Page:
Bars, pubs and clubs across Nottingham city centre are signing up to a new Licensed Premises Exclusion Notice Scheme for reducing alcohol-related crime.
Launched by the Nottingham Business Improvement District (BID), it has already brought 100 licensed premises on board, working together to ban prolific offenders from their venues.
Operators that sign up to the scheme are given warning cards which they issue to individuals when they commit an offence on their premises.
If an individual receives two warning cards – or just one if the offence involves violence or drugs – they will be automatically banned from all venues participating in the scheme.
Their information is also circulated to the businesses involved via the Nottingham BID’s secure information sharing system.
Exclusions can be appealed, but only after an incident-free period of six months and providing that the offender has attended an alcohol awareness class run by Last Orders Alcohol Support Services.
The scheme is open to members of the Nottingham BID as well as venues who are linked to the Nottingham BID’s radio scheme even if they are not BID members.
Neil Fincham, a director of the Nottingham BID, said: “We want Nottingham city centre to be as safe and enjoyable as possible for people in the evening and at night and this new scheme will play an important part in helping to reduce alcohol-related crime. We are confident that more and more venues will sign up to the scheme as they start to see the benefits.”
“This scheme creates a united front that benefits businesses, customers and the city as a whole,” said Vanessa Hawkes, manager of Stonegate Pub Company’s bar Cape, one of the businesses that has already signed up to the scheme.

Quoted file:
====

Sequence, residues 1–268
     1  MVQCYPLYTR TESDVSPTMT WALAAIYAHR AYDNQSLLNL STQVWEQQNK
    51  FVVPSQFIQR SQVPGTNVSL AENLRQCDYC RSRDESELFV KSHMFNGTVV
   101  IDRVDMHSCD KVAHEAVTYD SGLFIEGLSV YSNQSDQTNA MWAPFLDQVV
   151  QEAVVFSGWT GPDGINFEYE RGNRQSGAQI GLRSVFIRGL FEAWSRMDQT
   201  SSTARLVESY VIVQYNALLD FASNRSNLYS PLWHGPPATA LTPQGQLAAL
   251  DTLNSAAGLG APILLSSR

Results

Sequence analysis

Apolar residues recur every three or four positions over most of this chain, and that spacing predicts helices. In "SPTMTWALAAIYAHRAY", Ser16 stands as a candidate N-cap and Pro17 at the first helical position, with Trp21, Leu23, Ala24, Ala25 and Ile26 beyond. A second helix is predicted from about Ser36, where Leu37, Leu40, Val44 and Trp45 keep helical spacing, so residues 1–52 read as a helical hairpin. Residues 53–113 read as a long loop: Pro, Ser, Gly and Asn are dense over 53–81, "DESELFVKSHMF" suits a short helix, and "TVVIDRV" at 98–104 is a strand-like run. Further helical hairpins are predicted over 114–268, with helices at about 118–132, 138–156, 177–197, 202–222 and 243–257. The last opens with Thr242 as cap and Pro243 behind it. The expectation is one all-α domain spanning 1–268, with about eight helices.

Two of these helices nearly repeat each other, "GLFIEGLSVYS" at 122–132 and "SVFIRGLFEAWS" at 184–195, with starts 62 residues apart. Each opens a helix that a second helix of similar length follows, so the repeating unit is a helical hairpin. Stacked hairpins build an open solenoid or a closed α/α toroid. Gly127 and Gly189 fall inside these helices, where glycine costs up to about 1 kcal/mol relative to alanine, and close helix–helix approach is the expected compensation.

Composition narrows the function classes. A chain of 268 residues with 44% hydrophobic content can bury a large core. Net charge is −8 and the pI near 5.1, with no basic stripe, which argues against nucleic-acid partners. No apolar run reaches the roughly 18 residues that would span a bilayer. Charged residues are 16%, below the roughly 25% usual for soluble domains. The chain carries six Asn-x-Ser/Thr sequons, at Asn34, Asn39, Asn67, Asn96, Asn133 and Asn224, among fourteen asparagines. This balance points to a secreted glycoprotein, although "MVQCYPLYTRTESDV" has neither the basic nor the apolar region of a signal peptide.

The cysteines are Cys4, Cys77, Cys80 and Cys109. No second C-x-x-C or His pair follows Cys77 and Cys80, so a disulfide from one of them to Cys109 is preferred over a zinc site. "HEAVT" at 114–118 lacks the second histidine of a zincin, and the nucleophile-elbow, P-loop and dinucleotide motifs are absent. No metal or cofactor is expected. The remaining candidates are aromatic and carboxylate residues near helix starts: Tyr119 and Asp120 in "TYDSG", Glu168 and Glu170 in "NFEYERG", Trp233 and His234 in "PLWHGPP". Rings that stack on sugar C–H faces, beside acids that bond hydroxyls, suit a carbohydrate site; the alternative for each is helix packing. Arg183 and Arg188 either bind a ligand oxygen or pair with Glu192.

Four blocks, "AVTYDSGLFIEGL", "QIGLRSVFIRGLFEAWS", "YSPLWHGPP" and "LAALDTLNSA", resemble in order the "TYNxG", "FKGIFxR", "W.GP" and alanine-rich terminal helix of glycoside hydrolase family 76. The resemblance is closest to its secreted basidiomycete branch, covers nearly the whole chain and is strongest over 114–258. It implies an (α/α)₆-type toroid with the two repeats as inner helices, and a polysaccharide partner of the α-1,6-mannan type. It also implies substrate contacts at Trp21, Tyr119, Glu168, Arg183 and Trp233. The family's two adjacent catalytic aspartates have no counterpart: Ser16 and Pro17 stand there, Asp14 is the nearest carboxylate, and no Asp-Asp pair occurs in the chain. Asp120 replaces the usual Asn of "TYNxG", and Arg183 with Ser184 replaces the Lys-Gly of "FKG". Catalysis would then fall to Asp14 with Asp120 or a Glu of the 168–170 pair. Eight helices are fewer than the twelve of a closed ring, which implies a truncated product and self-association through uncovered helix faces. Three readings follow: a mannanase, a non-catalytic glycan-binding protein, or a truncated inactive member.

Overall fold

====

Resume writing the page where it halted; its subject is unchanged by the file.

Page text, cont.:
“It shows that we care and won’t tolerate alcohol related crime, helping to make the city a safer and more welcoming place at night.”
The Licensed Premises Exclusion Notice Scheme represents the latest of a number of initiatives led by the Nottingham BID to make Nottingham city centre as attractive as possible in the evening.
These include the team of taxi marshals who help to manage city-centre taxi ranks at night, the late-night opening of the Greyhound Street toilets, additional street cleaning and the Best Bar None accreditation and awards scheme. The BID also contributes to the team of street pastors who assist people in the city centre at night.
These activities all contributed to the city securing Purple Flag status for the fifth year running in 2014, a national awards scheme which recognises excellence in the night-time management of town and city centres.
The Nottingham BID was formed in January 2013 after the merger of the city’s Retail and Leisure BIDs. BIDs are not-for-profit and are privately funded by retailers and licensed premises that fall within the defined BID zone area, based on their rateable value.
With over 770 businesses including over 140 independents, the Nottingham BID is one of the largest BIDs in the UK. There is an optional scheme called Friends of the BID for businesses under the rateable value threshold or outside the BID Zone area.